We arrived at the small car park of our resort and were greeted by very helpful staff, and a very large tarantula. The mammoth spider was a small reminder that we were no longer in the safe confines of the mountains when it came to wildlife. Instead, we had descended to the very western edge of the hot, humid jungle that stretches 3,000 km to the east across an enormous swath of South America.
Cotococha Lodge sits right on the banks of the Rio Napo, part of the same riverine system that leads to the Amazon River. The water rushing past our cabana would eventually find its way into the Atlantic Ocean after flowing through some of the densest jungle and most biodiverse areas on earth. Sitting under the mosquito net with the lights out, there was nothing but bugs chirping, leaves rustling and the sound of rushing water. It was pristinely relaxing to walk amongst the stone paths and sit under the thatched roofs with a cold beer.
Of course one of the true reasons for venturing into the jungle to is to see wildlife – mostly on the smaller scale. We went for a walk the first evening with our local guide Samay and he showed us more different types of ants than you could possibly imagine could live in such a small space.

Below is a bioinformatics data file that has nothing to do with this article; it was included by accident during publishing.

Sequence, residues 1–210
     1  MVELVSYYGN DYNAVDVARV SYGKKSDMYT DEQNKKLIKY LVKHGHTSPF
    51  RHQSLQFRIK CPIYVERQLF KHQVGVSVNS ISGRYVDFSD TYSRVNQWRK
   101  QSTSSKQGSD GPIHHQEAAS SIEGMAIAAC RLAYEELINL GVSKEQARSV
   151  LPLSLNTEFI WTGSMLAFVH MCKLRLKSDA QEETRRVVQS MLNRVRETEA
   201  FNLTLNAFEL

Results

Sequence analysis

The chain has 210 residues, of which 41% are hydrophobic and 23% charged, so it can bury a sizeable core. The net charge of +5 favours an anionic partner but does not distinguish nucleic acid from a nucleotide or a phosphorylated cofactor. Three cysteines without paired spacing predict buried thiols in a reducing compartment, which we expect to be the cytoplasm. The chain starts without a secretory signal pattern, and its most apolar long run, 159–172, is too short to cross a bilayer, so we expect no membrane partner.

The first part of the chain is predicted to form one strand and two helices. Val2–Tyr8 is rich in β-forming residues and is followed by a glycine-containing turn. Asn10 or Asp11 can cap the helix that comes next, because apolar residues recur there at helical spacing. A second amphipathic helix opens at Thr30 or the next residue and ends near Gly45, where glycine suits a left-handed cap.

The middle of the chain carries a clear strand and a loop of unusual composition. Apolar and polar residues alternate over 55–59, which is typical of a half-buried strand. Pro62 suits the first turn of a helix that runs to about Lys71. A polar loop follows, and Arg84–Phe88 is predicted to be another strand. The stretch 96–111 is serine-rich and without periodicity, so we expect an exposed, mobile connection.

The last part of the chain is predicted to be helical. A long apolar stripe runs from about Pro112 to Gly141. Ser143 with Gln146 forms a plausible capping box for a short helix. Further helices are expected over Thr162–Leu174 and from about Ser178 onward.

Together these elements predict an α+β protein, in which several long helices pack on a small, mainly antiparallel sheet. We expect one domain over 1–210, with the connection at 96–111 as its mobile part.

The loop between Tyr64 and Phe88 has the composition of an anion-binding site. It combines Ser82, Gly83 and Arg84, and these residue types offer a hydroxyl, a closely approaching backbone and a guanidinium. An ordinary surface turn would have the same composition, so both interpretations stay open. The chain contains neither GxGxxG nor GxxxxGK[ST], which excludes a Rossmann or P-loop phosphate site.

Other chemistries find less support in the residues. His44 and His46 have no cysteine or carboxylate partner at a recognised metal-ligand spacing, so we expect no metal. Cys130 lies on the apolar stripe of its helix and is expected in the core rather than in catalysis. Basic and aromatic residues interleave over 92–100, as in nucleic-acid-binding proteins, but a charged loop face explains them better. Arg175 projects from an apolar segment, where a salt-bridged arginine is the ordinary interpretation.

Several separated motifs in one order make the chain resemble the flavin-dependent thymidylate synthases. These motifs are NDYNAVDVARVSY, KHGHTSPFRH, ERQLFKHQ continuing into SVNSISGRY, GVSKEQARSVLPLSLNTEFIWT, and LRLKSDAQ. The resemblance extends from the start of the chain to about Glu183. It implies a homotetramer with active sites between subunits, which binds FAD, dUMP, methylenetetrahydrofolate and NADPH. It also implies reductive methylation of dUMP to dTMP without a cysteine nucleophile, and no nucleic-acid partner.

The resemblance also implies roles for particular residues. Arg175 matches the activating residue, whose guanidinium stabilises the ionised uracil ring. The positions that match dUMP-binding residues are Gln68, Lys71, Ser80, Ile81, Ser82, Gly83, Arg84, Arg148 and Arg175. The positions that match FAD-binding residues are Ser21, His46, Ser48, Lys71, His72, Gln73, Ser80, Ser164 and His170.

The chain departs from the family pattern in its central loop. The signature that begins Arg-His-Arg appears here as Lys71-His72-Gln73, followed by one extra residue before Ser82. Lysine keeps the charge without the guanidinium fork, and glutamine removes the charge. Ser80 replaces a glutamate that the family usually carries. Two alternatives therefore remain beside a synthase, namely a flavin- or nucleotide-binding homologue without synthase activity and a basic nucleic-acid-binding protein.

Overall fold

There were ants you can eat that taste a bit like citrus fruit, ants that you can use to stitch a wound, ants that you can rub on your skin to serve as insect repellant, leaf-cutter ants that ride atop the leaves like old sailors in sailing ships and of course bullet ants, the insect with the fiercest bite/sting in the animal kingdom. Then there were butterflies, stick bugs, the aforementioned tarantulas, scorpions and numerous others that we didn’t see. The variety and ability of these animals, and the people who live amongst them, to adapt and survive was truly stunning.
Of course it isn’t just the bugs that are amazingly diverse. Trees and plants grow in startling numbers and can be used for just about any purpose – hiding from enemies or prey, covering yourself from the rain, serving as a weapon or just adorning oneself for ceremonial purposes. Towering trees, prickly bushes and low-level ground cover all jostle for space and light, forming a layered environment that is all things to the local communities that rely on them for food, medicine and protection.
One of the true highlights of our trip was the community visit where we experienced many of the daily routines and traditions of the lowland Kichwa. We were greeted at the river’s edge by an elderly woman who showed us how they pan for gold. Once used more for traditional adornments, the communities now mostly take these small collections to Tena to sell to be made into jewellery in the larger markets of Quito. It was amazing to watch the skill and ease of effort this lady went through to unearth the gold flecks, but also how minimal the outcome was for such a task.